Sunday, July 29, 2012

Mission Statement

I went on a road trip with my daughter for a few days.  She just got a new teaching position about 21/2 hours from here in the city of Salinas.  This is near the Monterey coast, just a bit inland, and the home of author John Steinbeck.  I helped her set up her classroom, we went shopping and did a little sightseeing.  The cool ocean air was a relief,  since our Sacramento valley is a frying pan between now and the end of September.  Old town Salinas was full of great shops and places to eat.
Here is Steinbeck house, now a gift shop and museum.  Salinas has a great mixture of Victorian style houses as well as Mexican adobes with red tiled roofs.

A few miles from town was the San Juan Bautista Mission.  So much of California's history is tied to the Missions, and they are always fun to visit.  Each one is different, but they all share beautiful gardens, cool dark interiors decorated with statues and artwork of Saints, and colorful stencils on white plaster walls.
 Our Lady of Guadalupe.
Here is the front altar.
The Baptismal font.
The gardens were full of olive trees, palm trees, roses, butterfly bush, hollyhocks and crepe myrtle.  I wish my yard looked like this.

The San Andreas earthquake fault runs right along this area, and there was a sign on the Mission wall stating that the building was not retrofitted, so you are basically entering at your own risk.  I crossed my fingers and said a prayer before I went in.
Father Junipero Serra led the way for the missions to be built in California.  The path that links all the missions is called the El Camino Real,  
See that tree to the right of the statue.  That is a pepper tree.  They get full of pretty clusters of red berries that the birds love to eat.  Remind me to plant one in my yard. 
A view of the fertile Salinas Valley from on top of the hill where the Mission is located.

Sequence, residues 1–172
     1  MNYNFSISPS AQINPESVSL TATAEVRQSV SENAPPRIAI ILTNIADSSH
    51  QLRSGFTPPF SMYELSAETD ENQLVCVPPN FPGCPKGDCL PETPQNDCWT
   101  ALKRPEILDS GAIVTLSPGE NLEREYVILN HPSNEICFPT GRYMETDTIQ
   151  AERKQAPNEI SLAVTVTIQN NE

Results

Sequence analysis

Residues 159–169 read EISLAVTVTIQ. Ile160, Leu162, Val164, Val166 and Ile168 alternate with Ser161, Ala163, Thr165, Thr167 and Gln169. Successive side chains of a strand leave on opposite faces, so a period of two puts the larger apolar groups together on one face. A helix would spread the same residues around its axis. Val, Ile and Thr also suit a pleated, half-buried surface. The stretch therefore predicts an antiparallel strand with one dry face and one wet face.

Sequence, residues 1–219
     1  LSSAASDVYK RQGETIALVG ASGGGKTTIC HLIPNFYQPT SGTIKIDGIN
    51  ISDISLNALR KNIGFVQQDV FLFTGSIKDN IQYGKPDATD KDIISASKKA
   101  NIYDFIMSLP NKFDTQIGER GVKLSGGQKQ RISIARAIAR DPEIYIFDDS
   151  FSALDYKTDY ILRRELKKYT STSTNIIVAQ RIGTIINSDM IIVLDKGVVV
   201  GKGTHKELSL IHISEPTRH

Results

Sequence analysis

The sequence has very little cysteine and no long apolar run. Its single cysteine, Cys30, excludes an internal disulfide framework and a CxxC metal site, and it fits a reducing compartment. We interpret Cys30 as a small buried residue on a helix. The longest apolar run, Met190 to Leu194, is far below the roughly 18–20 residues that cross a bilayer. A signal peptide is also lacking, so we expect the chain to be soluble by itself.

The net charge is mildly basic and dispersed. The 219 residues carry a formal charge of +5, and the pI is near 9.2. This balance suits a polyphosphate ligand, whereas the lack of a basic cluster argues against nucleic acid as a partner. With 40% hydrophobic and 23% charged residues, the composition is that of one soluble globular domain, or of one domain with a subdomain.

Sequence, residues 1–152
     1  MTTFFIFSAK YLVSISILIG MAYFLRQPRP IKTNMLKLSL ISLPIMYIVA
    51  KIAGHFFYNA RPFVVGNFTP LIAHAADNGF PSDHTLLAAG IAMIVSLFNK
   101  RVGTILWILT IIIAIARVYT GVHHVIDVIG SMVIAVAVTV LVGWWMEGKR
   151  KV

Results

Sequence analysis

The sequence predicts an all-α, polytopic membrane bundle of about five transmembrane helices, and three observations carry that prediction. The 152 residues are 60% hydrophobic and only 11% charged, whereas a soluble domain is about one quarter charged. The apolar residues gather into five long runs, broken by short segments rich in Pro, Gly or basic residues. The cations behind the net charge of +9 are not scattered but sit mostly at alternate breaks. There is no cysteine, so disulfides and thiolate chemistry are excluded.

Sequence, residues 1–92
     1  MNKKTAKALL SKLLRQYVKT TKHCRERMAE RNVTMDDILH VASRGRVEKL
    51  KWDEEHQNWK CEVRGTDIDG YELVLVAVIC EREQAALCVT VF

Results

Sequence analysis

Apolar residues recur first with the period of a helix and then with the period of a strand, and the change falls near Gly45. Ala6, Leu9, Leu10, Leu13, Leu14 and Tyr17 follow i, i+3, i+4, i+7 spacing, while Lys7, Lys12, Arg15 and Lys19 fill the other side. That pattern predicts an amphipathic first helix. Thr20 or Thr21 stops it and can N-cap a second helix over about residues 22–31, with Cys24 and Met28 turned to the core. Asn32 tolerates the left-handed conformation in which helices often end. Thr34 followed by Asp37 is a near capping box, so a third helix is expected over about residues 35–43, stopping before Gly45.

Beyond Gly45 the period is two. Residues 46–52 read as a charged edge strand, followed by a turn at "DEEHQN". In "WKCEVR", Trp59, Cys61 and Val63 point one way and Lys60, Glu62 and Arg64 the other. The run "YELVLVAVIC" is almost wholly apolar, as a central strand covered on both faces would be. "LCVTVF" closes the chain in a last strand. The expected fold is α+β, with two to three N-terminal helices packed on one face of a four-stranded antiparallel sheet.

I came home and dug through my books looking for John Steinbeck novels.  I found The Red Pony and think I will start it this week.
 It was nice to get back to my sewing room and pick up my yarn, as I was starting to have withdrawals.  I added a few more squares to the sampler I am making for the wise craft crochet along.

Thank you to Missy at Edith Florence, for the wonderful blog award!  Go on over and say hi, she is quite the friendly sort, and has a lovely blog too! I'm going to be glued to the television this week, watching the Olympics, and catching up on my crochet.  Have a great week!

Tuesday, July 24, 2012

Floral runner and napkins

Here I go again with another table runner.  I know.  What's with all these pot holders and table runners?  I seem to be stuck in the kitchen.  I guess these kinds of projects are fast and fun, so they appeal to me after finishing a quilt.  Especially since I also started a lace weight scarf with an  F hook, and I need to take a break from it every once in a while so my eyes can uncross.  But that's another post.

 I wanted to practice some free motion quilting on something small, before tackling the three big unfinished quilts hanging in the closet.

After struggling with my sewing machine, ( I'm talking the last 3 years people!) I finally was able to produce decent free motion quilting without thread tension problems.  The ladies at my local quilt shop were very helpful, and it appears there was a tiny little secret about the way my machine is threaded, which makes all the difference.  Of course the secret is not included in the owners manual.  Who knew?